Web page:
Back when my readerly tastes were driven by the limited options at my suburb’s small, strip mall-located library, I rarely chose my books by their covers. Most of the library books sported dogeared, aggressively stickered covers anyway, so my appreciation for a cover’s import remained stunted.

It wasn’t until I arrived at college and received a syllabus that included Jean Rhys’s Wide Sargasso Sea that a book cover swept me up in a passionate embrace. I had read Wide Sargasso Sea before (an excellent companion to Jane Eyre), but my copy was library-bound and looked like this:

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The copy I purchased at the university bookstore looked…different:
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The newer cover doesn’t say “post-colonial prequel” so much as “hot, sexy movie tie-ins!” And it certainly captured my attention. How did my first reading miss all that under-the-waterfall lovemaking?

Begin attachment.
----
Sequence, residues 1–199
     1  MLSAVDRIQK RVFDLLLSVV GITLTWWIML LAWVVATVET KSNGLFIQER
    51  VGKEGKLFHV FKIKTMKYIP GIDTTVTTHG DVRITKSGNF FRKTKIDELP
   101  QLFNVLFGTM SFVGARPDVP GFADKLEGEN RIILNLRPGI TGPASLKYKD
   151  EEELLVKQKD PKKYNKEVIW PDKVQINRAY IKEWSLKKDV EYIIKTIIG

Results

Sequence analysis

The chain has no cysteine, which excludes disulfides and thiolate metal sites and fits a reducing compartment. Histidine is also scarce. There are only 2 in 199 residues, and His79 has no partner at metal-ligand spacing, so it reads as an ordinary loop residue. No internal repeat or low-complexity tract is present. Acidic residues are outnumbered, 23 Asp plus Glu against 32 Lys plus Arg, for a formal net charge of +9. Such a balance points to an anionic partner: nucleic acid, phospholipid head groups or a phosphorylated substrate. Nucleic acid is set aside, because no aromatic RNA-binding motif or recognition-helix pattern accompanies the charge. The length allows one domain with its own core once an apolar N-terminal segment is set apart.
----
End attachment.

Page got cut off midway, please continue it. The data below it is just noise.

While the wet, white-hot muscly embrace bears a mostly fantasy-based relationship to the book, the cover makes a potent play for reader’s eyeballs. This is the point of all book covers…although some achieve their aims more thoughtfully and cleverly than others.

But what makes for a thoughtful, clever book cover? One that captures readers with style that is inspired by and germane to the story between the covers? There’s a lot to consider—we’ll cover some of it in a coming post.